"Happy New Year," proclaims Elliot Quick as he lifts both hands, brushing his chest and then rotating one hand around the other, to repeat the phrase in American Sign Language.
Next, the 15-year-old says it in spoken Japanese, then places his index fingers next to each other, closes both hands and throws them open above his head--signs in Japanese sign language that indicate the first day of the first month and the celebratory throwing of rice. He does it again and again, trying to perfect each syllable and motion during a rehearsal for a play of Japanese folk tales by the Bethesda Academy of Performing Arts (BAPA) Deaf Access Company.
The company combines 24 deaf, hard of hearing and hearing high school students, who are performing "Tales from Japan" at the group's Imagination Stage at White Flint Mall. All performances are in spoken English and American Sign Language, and parts of the plays also include spoken and signed Japanese.
Lisa Agogliati, director of Deaf Access, began the company 10 years ago after a deaf girl asked to be in a BAPA play. It was then that Agogliati, who had never worked with people with hearing loss, discovered that drama and sign language go hand in hand.
"I am fascinated with the fusing of sign language and theater. There are so many similar facial expressions and motions," she said.
Agogliati said that directing a play for an audience and cast that has hearing-impaired members allows her to be more creative.
"When I look at the script, I definitely want to emphasize the visual element. Instead of describing a dream, for instance, could we tell it better by a dance? With props? And when there's signing, the more hands in the picture, the richer the experience," she said.
The company is one of the few in the Washington area that include deaf youths, and it is only one of a handful in the country that combine a range of abilities. Agogliati also encourages hearing children of deaf parents to take part in the company. Inclusion in the company is by audition only, and the program is so popular that Agogliati started a company for middle school students last fall.
The Deaf Access program includes drama classes for children ages 3 to 12 and an adult educational touring company. Including the students Agogliati works with in the public schools, more than 100 youths participate in the program. It is one of several at the Bethesda Academy of Performing Arts, which offers drama classes to children ages 3 to 18. Children 8 to 18 can audition to perform in plays at BAPA's Imagination Stage.
"In my mind, we are a role model for our community of positive interaction between the deaf and hearing," Agogliati said of her program. "For some in our audience, we are offering them their first impression of the deaf."
For Elliot, of Northwest Washington, who can hear and is a ninth-grade student at Sidwell Friends, participating in the company has taught him about getting his point across loud and clear--without making a sound.
"Communication isn't necessarily just speaking, it's the look on your face, the way you stand, signing," he said. "This experience has also helped me be more concerned about people in general and helped me look out for others better."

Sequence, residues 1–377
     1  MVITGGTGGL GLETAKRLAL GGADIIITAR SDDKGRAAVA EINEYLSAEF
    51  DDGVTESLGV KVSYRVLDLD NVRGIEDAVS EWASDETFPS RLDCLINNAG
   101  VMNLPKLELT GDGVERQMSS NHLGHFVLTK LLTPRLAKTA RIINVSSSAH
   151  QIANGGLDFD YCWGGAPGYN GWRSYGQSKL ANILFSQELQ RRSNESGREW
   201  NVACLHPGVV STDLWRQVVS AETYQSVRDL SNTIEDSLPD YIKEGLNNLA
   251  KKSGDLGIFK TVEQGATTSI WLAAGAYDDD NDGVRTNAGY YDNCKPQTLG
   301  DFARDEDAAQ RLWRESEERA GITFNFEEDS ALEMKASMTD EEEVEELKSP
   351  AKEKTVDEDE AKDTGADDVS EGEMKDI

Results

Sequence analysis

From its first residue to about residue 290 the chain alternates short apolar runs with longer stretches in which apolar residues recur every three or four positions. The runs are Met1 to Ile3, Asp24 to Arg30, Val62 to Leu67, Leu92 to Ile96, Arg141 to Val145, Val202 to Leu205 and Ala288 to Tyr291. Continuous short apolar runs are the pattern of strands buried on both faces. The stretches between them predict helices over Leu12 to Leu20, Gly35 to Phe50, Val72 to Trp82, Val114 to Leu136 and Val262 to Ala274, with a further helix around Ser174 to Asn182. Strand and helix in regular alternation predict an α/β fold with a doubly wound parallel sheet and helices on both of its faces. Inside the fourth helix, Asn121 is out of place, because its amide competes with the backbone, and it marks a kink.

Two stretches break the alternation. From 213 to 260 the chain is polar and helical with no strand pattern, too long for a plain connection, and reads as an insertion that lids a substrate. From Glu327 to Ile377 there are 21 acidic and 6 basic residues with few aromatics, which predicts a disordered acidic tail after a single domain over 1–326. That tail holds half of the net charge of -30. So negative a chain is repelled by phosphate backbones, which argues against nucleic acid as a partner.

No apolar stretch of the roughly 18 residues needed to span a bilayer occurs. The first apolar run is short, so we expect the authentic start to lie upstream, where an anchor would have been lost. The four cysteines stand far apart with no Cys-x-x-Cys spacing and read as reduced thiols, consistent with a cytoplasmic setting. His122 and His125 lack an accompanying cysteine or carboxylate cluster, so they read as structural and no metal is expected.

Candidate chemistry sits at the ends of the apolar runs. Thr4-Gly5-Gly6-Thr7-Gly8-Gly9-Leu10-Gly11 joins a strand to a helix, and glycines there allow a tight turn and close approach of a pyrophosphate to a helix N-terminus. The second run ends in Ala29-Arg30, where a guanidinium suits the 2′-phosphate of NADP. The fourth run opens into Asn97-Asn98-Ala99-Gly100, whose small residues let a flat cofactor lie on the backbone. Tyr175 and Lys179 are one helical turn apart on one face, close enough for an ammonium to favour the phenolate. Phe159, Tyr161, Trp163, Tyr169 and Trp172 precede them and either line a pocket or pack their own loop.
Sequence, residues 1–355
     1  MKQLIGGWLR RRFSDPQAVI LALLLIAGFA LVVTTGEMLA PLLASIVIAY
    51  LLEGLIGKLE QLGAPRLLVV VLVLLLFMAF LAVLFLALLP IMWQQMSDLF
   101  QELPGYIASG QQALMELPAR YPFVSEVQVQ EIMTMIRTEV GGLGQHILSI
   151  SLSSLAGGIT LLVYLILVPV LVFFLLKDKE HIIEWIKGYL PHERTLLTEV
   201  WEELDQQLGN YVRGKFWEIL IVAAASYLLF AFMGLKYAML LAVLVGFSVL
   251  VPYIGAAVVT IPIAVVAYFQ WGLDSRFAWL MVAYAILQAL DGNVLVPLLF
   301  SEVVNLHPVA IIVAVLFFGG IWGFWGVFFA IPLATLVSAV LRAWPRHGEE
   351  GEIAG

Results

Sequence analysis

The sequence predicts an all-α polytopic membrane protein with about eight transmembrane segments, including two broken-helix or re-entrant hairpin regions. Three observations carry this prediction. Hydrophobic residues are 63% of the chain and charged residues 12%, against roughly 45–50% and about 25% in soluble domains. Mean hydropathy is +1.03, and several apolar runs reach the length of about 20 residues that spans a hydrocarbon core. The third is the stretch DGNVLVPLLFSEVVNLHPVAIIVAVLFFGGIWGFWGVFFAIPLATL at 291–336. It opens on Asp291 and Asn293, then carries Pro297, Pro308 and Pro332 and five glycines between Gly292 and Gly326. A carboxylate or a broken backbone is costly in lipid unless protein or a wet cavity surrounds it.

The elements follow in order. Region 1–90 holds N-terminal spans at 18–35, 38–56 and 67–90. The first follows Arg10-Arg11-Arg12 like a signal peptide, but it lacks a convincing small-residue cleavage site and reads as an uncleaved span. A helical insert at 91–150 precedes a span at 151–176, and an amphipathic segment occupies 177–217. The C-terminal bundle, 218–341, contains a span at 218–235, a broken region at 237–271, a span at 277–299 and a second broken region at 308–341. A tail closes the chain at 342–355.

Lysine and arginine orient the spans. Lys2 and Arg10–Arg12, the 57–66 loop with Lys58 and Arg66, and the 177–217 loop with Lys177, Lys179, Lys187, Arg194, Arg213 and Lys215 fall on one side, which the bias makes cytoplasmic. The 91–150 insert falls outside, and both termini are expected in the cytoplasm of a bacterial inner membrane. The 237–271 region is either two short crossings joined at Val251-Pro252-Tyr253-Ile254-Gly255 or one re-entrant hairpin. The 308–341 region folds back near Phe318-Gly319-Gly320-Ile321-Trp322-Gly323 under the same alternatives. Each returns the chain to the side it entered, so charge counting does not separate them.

Cara Anne Miller, 15, a 10th-grader at Rockville High School, is hard of hearing. When she got her first hearing aid as a toddler, she says she "jumped up and down, it was so wonderful to hear."
Now in her third year with the company, Cara said that the experience has helped her socialize better with a variety of teenagers and feel more comfortable in both the deaf and hearing worlds.
Sean Kelly, 15, also a 10th-grader at Rockville High, has been deaf since he was 2 weeks old. He said performing with the company has given him more exposure to hearing teenagers. Although he takes half his classes with hearing students, he said he used to feel on the periphery of things, retreating whenever possible to friends who knew sign language.
"Now I like hanging out with hearing people. I like being involved in a mix. We can learn about each other," he said.
While Sean signs his part, Elliot serves as an off-stage narrator, speaking the lines.
The students have spent more than four months not just learning about each other and the play, but also being immersed in Japanese culture, from fan dance lessons to origami, the Japanese art of paper folding. A $264,000 grant from the U.S. Department of Education in 1998 allowed Deaf Access to hire Japanese performer Shizumi Shigeto Manale to help the company understand Japanese culture. The production includes Japanese dance, music and haiku. The grant also allowed the company to work with deaf choreographer Fred Beam for the production.
Deaf Access has won accolades, including an award from the Montgomery County Council last year, and was the only youth group invited to attend an international deaf theater conference in Connecticut last summer.
For Cara Anne, the time spent meeting for pizza and origami and traveling with her peers is just as important as rehearsing the play, because it has strengthened the bonds among the members of the company.
"No matter what our differences are, when we're on stage, we're a team," she said.
"Tales from Japan" will be performed on Saturdays and Sundays at 1 and 3 p.m. through Feb. 13. Tickets are $6 and can be reserved by calling 301-881-5106.